5. Ergonomics and posture. For computer users, it’s relatively easy to achieve. Your back, upper arms and lower legs should be at a 90-degree angle to the ground. Your upper arms should hang next to your body, not extend in front of it. Your upper legs and forearms should be parallel to the ground. Your back should be supported. Your monitor should be at a height that has your line of eye sight at a 30-degree downward angle. You don’t need a fancy set-up – all this can be achieved with things like a box under your monitor. I do find that a chair that doesn’t let you sit in exactly this way will cause problems. Note that it doesn’t have to be an expensive chair, just one that lets you sit in the correct position.

For other professions, things are a bit trickier and have to be adjusted through trial and error. I’m still trying to figure out the best ergonomics for drawing with a small board and drawing a large piece mounted to the wall. Hairstylists have some leeway with height, but they HAVE to keep the working arm extended outward, which is very, very hard on the neck and shoulder muscles. Room for improvement seems to be infinite.

6. Job variation. Is there any way to vary the tasks? Today, I am too sore and fatigued to keep working on my large drawings. Instead, I am making clay sketches for a new piece, which I will use to study the lighting on the things I will eventually draw. I also have some small compositional sketches to make, materials to prepare and anatomy books to study. Is there anything you can switch to, or work on things in 1 or 2 hour increments instead of 4-5-6-7-and-up increments?

These are all the things that I know to be effective in treating muscle overuse injuries. I don’t have a lot of experience with tendon and ligament problems related to RSI, but it also makes sense to me that those problems are secondary, because the original issue is muscle injury due to unrelieved fatigue. Treat the muscles right, and they will serve you happily. Treat the muscles like sweatshop factory employees, and I guarantee you will eventually have to spend a lot of time putting out the fires of revolution.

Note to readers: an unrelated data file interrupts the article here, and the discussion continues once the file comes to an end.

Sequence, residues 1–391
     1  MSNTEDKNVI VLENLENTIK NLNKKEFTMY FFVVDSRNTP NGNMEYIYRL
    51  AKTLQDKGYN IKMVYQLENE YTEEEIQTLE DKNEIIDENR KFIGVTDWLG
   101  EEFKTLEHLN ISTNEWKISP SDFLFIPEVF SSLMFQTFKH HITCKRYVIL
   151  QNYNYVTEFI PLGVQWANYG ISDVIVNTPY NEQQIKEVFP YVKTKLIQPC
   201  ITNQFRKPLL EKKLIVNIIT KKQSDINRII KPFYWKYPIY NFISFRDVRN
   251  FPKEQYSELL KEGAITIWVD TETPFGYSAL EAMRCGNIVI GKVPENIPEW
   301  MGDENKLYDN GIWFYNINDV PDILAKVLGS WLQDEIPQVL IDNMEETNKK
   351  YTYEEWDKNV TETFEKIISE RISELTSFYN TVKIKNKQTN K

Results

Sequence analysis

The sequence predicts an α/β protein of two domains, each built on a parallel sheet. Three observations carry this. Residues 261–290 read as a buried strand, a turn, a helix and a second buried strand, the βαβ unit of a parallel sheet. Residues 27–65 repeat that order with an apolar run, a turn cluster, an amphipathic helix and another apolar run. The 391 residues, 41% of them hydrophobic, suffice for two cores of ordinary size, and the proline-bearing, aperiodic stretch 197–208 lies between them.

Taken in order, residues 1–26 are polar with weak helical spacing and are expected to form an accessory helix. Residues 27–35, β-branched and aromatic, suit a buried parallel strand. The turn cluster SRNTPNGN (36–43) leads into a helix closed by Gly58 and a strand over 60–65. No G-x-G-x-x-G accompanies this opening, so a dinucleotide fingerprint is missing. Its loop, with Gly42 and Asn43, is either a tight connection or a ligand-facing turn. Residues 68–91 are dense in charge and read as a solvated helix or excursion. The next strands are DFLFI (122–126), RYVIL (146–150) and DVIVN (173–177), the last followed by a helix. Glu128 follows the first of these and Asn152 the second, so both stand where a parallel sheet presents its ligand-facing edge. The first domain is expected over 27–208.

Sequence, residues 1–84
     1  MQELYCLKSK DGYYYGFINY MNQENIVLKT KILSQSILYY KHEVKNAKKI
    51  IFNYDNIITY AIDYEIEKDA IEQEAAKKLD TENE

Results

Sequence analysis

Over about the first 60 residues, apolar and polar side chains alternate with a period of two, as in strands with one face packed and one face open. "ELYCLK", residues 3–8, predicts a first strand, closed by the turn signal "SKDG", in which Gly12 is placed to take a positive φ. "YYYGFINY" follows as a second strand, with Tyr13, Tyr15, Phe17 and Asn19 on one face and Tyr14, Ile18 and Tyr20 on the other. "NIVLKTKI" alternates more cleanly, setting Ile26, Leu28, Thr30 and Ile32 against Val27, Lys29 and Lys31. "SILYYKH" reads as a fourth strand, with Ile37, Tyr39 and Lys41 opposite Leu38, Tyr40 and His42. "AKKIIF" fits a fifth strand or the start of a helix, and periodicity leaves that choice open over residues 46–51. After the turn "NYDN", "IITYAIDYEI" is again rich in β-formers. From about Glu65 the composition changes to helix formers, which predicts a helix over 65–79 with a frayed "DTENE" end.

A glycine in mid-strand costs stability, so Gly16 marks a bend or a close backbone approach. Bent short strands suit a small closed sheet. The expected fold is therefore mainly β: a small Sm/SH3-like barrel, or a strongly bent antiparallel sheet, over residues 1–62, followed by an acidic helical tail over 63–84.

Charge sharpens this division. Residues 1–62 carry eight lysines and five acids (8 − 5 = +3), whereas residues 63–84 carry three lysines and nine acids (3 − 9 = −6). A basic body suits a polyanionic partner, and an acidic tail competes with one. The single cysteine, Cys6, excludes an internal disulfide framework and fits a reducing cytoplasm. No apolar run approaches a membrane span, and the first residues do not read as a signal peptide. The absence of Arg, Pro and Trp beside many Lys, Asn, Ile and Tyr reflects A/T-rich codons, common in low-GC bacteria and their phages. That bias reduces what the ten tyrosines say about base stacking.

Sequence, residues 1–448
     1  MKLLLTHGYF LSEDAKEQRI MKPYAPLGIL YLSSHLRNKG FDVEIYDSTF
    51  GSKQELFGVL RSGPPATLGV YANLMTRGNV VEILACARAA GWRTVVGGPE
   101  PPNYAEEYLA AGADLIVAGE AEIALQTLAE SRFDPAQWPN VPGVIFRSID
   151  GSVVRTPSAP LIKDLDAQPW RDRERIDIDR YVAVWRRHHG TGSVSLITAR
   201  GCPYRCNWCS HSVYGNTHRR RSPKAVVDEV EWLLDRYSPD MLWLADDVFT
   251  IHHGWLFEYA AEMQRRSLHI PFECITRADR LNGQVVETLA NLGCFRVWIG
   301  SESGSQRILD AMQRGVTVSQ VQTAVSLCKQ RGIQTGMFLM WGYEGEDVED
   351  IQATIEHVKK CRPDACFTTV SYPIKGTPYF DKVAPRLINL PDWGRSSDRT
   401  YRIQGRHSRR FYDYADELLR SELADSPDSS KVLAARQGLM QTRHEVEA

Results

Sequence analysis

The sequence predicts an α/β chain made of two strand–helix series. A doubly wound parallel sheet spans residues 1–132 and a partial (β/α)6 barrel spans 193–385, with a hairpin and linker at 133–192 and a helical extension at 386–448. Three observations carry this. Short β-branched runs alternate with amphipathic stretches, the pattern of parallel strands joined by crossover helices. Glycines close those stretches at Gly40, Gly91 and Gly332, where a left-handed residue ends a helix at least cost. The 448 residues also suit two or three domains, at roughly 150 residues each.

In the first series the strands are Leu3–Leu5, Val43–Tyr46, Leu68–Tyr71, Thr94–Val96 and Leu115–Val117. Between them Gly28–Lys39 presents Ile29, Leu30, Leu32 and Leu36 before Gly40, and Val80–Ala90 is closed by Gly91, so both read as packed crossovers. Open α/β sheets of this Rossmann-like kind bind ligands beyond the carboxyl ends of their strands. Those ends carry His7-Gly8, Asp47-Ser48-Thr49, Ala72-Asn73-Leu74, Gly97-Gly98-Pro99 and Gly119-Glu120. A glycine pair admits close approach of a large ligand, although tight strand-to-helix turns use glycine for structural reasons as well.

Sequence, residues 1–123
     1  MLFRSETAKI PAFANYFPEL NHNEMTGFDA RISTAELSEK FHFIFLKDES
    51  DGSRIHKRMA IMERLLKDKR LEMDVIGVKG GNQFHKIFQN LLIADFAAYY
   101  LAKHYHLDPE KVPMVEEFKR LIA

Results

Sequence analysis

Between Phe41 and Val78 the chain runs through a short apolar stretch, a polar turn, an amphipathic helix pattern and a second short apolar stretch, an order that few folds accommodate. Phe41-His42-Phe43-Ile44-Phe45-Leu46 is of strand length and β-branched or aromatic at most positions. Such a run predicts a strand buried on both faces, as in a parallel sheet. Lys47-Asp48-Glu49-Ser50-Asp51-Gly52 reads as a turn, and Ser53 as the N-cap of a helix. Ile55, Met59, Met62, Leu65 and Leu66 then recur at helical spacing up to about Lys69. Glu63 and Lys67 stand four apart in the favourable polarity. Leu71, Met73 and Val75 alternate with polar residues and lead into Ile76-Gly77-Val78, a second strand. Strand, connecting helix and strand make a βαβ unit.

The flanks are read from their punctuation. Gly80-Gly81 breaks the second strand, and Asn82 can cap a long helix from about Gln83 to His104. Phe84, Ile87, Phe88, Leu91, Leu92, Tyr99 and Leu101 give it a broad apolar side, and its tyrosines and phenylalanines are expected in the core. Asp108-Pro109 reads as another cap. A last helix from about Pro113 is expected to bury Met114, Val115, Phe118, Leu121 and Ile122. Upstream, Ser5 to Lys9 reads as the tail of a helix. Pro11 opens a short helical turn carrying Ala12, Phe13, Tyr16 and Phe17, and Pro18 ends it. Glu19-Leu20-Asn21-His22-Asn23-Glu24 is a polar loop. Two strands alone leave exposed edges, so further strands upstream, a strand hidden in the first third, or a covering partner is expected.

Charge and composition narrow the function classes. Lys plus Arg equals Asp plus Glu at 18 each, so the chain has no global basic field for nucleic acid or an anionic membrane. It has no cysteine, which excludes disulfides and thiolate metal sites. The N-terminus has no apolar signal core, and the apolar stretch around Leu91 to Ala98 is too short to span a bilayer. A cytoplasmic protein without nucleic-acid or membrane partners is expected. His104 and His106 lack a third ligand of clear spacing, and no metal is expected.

1. Ghaa! That’s a lot of knowledge about one injury!

    RSI is so common for computer graphic artists – being a fine artist can’t exactly help the condition. I’m trying to assume the correct computer-user position as I type, but it’s not easy following your recommendations

    This post will be very helpful to those who don’t yet have RSI – there’s so much useful information. You’ve certainly done your research.

    I have Carpel Tunnel Syndrome and was so relieved that the numbness and pins & needles in my fingers wasn’t an early heart attack. I just cut salt out and put up with it.

    Aaand streetch!

    Comment by InkSplodge! — July 11, 2009 @ 4:14 pm

    • Wait, that’s bad – the whole point of ergonomics is to set up your seat and table so that your most natural position is the right one. If you are having to make an effort to be in the right place, it means you should adjust stuff until you don’t anymore.

      Aaaaand streeeeetch… I am really bad at taking breaks, so if I practice what I preach, it will be a snowy day in hell a very good thing.

      Comment by studiomysteries — July 11, 2009 @ 7:12 pm

  2. […] Studio Mysteries – Draftsman’s Arm: RSI in the Arts […]

    Pingback by Artists and Repetitive Strain Injury (RSI) | Trips & Tricks — April 26, 2016 @ 9:02 am